It is no secret that bugs related to multithreading–deadlocks, data races, starvations etc–have a big impact on application’s stability and are at the same time hard to find due to their nondeterministic nature. Any tool that makes finding such bugs easier, preferably before anybody is aware of their existence, is very welcome.
When we’re looking at benchmarks we typically run some stable workload and we run it in isolation – nothing else is happening on the system. This is not however how things happen in real world when we have significant variance in the load and many things can be happening concurrently. It is very typical to [...]
Last week I helped 2 different customers with infinite replication loops. I decided to write a blog post about these infinite loop of binary log statements in MySQL Replication. To explain what they are, how to identify them… and how to fix them.
It is known that MySQL due internal limitations is not able to utilize all CPU and IO resources available on modern hardware. Idea is to run multiple instances of MySQL to gain better performance on Fusion-io ioDrive card. Full report is available in PDF
Even though multiple fixes have been implemented in Percona Server and MySQL 5.5, there are still workloads in which case mutex (or rw-lock) contention is a performance limiting factor, helped by ever growing number of cores available in the systems. It is interesting though the contention may manifest itself in the different form from the [...]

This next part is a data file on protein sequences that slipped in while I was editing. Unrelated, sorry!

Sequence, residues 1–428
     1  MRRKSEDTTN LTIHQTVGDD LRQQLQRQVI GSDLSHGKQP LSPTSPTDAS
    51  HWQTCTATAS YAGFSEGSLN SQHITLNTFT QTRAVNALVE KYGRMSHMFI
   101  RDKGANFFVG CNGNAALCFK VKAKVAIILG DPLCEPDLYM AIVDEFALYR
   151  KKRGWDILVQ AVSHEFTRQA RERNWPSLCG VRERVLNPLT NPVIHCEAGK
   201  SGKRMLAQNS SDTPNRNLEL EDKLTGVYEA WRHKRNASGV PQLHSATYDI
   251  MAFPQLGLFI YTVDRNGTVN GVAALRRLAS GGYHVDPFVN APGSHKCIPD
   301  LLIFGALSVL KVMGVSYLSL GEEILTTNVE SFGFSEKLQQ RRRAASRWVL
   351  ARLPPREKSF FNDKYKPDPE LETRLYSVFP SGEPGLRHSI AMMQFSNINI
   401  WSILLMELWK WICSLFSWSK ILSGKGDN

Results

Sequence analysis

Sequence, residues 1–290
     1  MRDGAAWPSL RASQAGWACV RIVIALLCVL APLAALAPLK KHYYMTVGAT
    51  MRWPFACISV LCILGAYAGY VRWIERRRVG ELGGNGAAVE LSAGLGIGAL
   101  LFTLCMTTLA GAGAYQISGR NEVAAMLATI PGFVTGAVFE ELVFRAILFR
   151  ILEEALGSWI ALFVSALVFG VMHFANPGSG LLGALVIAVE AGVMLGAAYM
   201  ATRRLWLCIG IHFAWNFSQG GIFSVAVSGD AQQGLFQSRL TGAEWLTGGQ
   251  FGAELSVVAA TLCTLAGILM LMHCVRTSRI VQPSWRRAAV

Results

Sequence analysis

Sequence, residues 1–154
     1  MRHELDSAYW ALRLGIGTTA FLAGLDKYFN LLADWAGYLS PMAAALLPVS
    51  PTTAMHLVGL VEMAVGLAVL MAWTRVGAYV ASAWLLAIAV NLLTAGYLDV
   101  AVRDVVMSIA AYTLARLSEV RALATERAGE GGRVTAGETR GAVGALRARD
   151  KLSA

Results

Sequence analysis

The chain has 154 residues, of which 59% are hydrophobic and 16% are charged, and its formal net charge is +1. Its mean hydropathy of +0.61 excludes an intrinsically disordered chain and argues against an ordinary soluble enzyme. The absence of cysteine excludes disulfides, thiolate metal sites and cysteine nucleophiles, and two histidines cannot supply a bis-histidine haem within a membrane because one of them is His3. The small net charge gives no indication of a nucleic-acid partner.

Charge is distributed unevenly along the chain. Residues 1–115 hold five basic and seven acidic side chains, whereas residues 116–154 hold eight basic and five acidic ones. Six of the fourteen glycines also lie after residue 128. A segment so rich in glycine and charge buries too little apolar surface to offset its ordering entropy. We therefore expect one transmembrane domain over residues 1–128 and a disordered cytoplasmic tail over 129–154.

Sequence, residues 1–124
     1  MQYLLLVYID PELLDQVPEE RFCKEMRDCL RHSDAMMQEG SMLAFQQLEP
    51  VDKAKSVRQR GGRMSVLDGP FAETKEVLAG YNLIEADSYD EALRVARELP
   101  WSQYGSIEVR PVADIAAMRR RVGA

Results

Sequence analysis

MySQL 5.5 and Percona Server 5.5 do not solve all scalability problems even for read only workloads. Workloads which got a lot of attention such as Sysbench and DBT2/TPC-C scale pretty well a they got a lot of attention, there can be other quite typical workloads however which do not scale that well. This is [...]
InnoDB compression is getting some traction, and I see quite contradictory opinions. Someone has successful deployments in productions, and someone says that compression in current implementation is useless. To get some initial impression about performance I decided to run some sysbench with multi-tables benchmarks. I actually was preparing to do complex research, but even first [...]
Often times, from a computing perspective, one must run a function on a large amount of input. Often times, the same function must be run on many pieces of input, and this is a very expensive process unless the work can be done in parallel. Shard-Query introduces set based processing, which on the surface appears [...]
For a long time I’ve wanted to know how MySQL scales as you add more memory to the server. Vadim recently benchmarked the effects of increasing memory and CPU core count. He looked for a balance between utilizing the hardware as much as possible, limiting the system complexity, and lowering the price-to-performance ratio. The outcome [...]
Can Shard-Query scale to 20 nodes? Peter asked this question in comments to to my previous Shard-Query benchmark. Actually he asked if it could scale to 50, but testing 20 was all I could due to to EC2 and time limits. I think the results at 20 nodes are very useful to understand the performance: [...]